As we discussed above, when any of the events triggering CGT happen, you may have either a capital gain or a loss.
If you make a capital gain, you may pay tax on it. If you make a capital loss, it can reduce your capital gains in the current tax year and you can even carry it forward to the next years.
In order to calculate the tax due, you shall start with the beginning: you need to calculate your capital gains/losses.
Basically it’s the difference between the USD equivalent of your crypto at the time you disposed of it and at the time you got it. If the result is more than zero – you have a capital gain for this asset. If it’s less than zero – you have a capital loss and you don’t need to pay the tax and can even reduce your tax due.
Capital gain/loss = your disposal price in USD – your cost basis in USD (the acquisition price + deductible fees)
Example: You acquired 1 Coin X for $1000 and paid a $100 fee. Then you sell your Coin for $2000 and paid a fee of $100. The cost basis is thus $1100. Capital gain equals to $2000 less the cost basis of $1100 + the new fee of $100.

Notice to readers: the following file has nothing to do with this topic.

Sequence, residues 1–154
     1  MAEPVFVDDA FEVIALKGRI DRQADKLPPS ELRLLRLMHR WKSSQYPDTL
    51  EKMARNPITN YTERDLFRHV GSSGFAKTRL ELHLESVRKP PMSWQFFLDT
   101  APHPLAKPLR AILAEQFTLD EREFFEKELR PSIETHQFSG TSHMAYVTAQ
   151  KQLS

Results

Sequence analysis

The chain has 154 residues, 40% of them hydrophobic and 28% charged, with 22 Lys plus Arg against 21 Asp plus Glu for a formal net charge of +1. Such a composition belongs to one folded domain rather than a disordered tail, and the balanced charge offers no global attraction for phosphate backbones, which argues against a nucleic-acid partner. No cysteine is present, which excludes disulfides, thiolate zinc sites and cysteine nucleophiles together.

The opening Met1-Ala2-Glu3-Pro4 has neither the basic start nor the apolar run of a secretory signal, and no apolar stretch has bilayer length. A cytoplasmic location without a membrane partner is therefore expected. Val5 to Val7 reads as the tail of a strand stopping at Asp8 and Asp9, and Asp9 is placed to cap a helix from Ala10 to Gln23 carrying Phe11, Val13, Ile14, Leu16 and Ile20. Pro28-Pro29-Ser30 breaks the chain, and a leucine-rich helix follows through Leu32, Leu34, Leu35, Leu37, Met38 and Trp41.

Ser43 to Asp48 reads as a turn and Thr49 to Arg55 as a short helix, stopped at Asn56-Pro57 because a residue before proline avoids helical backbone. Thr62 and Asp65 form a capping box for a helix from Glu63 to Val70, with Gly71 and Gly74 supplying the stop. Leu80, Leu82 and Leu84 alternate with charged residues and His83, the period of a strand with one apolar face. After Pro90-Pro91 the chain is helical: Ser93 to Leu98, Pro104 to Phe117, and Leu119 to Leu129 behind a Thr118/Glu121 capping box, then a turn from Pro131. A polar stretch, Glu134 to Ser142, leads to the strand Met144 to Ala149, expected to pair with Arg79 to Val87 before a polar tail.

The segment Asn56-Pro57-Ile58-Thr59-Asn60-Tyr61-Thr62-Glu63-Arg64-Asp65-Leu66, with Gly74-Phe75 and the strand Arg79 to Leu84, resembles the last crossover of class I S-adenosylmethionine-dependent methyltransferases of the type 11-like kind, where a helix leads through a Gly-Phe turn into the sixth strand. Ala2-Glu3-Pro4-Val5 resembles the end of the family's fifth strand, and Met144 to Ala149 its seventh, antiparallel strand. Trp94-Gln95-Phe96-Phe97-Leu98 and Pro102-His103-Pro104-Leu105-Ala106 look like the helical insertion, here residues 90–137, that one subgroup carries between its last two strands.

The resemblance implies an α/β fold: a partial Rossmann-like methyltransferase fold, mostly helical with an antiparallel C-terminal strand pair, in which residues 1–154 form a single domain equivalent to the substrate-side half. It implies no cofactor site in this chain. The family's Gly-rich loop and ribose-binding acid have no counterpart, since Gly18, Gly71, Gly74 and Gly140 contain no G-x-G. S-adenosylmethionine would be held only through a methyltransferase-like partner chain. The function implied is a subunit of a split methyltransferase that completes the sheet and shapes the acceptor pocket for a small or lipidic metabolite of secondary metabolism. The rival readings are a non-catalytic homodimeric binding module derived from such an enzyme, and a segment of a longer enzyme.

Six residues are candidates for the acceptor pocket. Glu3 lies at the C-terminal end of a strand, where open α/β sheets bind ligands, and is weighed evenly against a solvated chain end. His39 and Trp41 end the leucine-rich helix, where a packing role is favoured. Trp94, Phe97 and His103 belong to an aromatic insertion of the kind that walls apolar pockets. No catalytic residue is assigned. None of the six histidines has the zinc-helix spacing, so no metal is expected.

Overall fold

$2000 - $100 – ($1000 + $100) = $800
If you acquired or disposed of your crypto otherwise than buying or selling for USD, you shall use the similar equation and take the data from the reputable exchange on the date of the relevant transaction (fair market value).
It’s easy if you have acquired a number of crypto items at once and have sold the same number in one take. However it’s not always the case. If you sell only part of the items you hold, you may face the following situation:
You bought 1 Coin A for $5000. Later you bought another Coin A for $10 000. Now when you decide to sell one Coin A, Coin’s A value equals to $7000. Which of the coins A shall be accounted for the tax purposes? The first one or the second one? If we take the first one – you have $2000 profit. If we take the second one, you have a loss of $3000. This makes a serious difference. In order to sort it out, you shall have a fair treatment in such situations.
IRS suggests you to choose the accounting method which shall be applicable for your whole tax year. You can not change it in between. They are:
- FIFO method (“first in – first out”). When you dispose of a part of the crypto you own, you account first items acquired.
- LIFO method (“last in – first out”). It’s vice versa: you account last acquired items when disposing of them.
- Direct identification. You name the specific item for disposal by any digital ID’s that could provide for exact identification.